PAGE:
The key to successfully answering any short answer question is to understand that less is more. Responses most likely to make a good impression are those that avoid redundancy and clichés and instead provide clear and concise answers that are candid, creative, and even humorous. It might seem unnecessary, but it’s always a good idea to brainstorm responses to a short answer question. Brainstorming will help you narrow down which topics highlight the range of your personality and interests outside of information that you have already presented in other parts of your application. It is also important to keep in mind that unlike academic essays and the longer admissions essay, short answers don’t need fancy introductions with hooks or anecdotes. A short answer response should follow this basic structure: a topic sentence that answers the question, evidence to support your answer, and a sentence or two of introspection.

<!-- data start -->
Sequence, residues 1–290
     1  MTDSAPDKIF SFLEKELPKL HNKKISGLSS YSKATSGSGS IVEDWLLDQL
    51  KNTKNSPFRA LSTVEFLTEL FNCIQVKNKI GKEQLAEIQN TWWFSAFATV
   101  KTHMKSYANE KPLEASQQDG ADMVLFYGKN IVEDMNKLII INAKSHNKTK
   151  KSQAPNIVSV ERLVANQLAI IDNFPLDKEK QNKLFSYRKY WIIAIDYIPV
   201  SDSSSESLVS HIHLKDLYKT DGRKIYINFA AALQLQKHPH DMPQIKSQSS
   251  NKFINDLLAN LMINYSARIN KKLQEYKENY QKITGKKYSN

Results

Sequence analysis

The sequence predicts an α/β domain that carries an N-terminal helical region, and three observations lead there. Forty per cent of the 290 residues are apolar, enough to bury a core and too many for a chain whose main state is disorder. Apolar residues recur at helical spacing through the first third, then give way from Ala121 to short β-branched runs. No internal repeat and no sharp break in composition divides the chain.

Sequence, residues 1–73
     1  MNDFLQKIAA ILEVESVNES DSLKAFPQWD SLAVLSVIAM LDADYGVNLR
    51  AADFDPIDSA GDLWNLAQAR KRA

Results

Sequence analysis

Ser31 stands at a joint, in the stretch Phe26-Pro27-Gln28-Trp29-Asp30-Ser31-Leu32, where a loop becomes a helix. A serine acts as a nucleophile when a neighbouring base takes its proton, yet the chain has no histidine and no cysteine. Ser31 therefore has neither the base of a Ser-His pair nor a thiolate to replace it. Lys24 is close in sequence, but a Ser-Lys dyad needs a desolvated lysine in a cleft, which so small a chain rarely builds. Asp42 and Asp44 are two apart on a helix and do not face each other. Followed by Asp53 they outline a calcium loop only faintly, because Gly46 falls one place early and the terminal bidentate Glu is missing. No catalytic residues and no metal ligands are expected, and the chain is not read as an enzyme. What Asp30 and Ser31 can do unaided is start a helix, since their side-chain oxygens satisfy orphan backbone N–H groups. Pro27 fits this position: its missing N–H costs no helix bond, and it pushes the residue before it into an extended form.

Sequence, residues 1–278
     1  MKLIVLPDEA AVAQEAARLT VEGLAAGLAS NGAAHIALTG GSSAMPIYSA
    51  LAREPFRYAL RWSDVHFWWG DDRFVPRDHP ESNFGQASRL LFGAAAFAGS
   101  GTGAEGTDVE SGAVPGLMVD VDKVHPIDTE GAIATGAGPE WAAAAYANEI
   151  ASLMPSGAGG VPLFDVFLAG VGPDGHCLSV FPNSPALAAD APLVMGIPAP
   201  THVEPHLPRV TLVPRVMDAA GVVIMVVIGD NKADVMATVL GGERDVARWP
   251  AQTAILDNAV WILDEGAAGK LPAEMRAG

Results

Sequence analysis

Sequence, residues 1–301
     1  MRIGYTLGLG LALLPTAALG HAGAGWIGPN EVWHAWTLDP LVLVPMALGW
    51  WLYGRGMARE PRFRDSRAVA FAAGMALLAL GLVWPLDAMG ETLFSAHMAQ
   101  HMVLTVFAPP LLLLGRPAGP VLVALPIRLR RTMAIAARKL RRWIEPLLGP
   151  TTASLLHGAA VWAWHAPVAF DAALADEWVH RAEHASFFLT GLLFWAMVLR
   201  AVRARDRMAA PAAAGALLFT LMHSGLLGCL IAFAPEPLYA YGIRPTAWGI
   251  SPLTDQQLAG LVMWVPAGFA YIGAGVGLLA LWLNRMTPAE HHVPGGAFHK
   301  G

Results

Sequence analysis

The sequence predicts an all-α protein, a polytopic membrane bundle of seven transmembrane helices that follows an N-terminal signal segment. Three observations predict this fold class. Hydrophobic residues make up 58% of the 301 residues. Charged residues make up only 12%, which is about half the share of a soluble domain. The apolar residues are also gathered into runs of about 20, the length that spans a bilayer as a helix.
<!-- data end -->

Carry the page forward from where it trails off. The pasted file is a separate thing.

Here are some additional short answer do’s and don’ts:

  • Do your homework. Some of the more common short answer questions ask applicants to explain some version of “Why us?” So know your audience. Go beyond citing a school’s elite engineering program or its wide range of extracurricular offerings. Mention if you visited the campus, spoke with admissions counselors, or met with professors, current students, or alumni. Help admissions see your genuine interest in the school. Show them how you will fit into the school and how the school complements your unique goals and talents.